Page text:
Photo of Vape King, Tim McNaught
Science Revue’s 2016 production, It Came From Planet Space, was the least offensive and most wholesome revue I have ever seen. At least until the second half, when vocalist Katina Selvaraj sang a ballad detailing how she had fucked all the robots from here to Tatooine.
Despite this, the revue was heartwarming and quite a refreshing reprieve from the sex-crazed Turnbull-bashing one so often finds in Sydney Uni revues.
In fact, Malcolm would be impressed by the revue’s ‘innovative’ recurring themes, namely, technology and space. This was fitting, since the overarching plot of the show focused on a small town, Meteoropolis, with a big problem – a meteor was hurtling rapidly towards it and threatening to kill everyone, apart from the members of Crowded House.
Meteoropolis itself was just your average 1950s suburb, with a butcher, a baker, two-dozen candlestick makers, a resident astronomer, and a professional vaper.
The revue included touching tales of overcoming adversity, such as the story of Ken and his struggles to build Barbie’s Dream House. Despite crying about how his hands were mittens, Ken proved that teamwork always wins out, as he recruited an army of Kens to help build the Dream House, including the hero, ‘has-knees-Ken’, played by the endlessly enjoyable Will Edwards.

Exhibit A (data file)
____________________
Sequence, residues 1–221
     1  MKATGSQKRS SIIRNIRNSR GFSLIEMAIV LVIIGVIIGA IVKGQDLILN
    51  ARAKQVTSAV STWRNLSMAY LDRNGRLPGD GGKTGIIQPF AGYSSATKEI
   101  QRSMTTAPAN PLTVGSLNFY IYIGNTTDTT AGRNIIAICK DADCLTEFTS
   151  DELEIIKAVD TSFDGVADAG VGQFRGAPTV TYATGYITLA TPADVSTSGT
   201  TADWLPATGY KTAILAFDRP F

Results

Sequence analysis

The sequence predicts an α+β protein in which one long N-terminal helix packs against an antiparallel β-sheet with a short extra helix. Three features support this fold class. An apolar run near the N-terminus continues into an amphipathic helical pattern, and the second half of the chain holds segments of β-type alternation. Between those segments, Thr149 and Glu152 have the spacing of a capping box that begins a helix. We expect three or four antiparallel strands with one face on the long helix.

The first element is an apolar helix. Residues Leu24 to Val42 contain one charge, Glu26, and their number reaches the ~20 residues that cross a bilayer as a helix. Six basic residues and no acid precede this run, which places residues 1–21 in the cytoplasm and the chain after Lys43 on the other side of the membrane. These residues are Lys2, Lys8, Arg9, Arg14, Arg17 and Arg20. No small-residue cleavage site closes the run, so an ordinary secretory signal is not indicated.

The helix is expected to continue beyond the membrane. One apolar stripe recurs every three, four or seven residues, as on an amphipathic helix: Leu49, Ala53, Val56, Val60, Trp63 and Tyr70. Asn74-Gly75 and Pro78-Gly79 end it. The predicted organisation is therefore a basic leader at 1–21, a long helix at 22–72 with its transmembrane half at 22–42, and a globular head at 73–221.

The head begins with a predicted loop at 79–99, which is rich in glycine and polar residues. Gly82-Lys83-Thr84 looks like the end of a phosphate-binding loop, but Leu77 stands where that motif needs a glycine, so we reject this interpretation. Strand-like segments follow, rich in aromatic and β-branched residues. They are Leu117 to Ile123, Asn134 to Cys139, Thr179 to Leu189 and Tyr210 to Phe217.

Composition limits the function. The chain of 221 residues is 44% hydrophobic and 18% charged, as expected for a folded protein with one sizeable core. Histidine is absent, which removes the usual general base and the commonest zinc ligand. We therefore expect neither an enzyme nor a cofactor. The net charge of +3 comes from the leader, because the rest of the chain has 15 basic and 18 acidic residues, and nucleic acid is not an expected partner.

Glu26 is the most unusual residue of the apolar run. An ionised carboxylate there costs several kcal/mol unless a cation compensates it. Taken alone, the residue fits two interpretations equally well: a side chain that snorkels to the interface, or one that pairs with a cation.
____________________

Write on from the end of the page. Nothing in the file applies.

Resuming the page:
While many of the sketches were endearing, many of them dragged on for too long without a punch line, and perhaps just a little more edginess wouldn’t have gone astray.
The biggest strengths of Science Revue were no doubt the band and the dancers. The band stood centre stage for the entire show – a spot they rightfully earned.
The choreographers and dancers deserve huge congratulations, as they managed to craft dance numbers that impressed even this reviewer, who studied dance for fifteen years. However, two of the best dance numbers – one set to the Avatar: The Last Airbender‘s opening credits, and the other seemingly a zombie apocalypse – seemed out of place in a comedy show, having no punch line and leaving the audience more confused than anything else.
Overall, Declan Maher and Bruno Dubosarsky‘s Science Revue taught the audience moral lessons, as well as biology ones. Did you know that an anteater’s tongue flicks 150 times per minute? You would have if you had taken the free ticket I offered you and come to enjoy a touching night of theatre with me.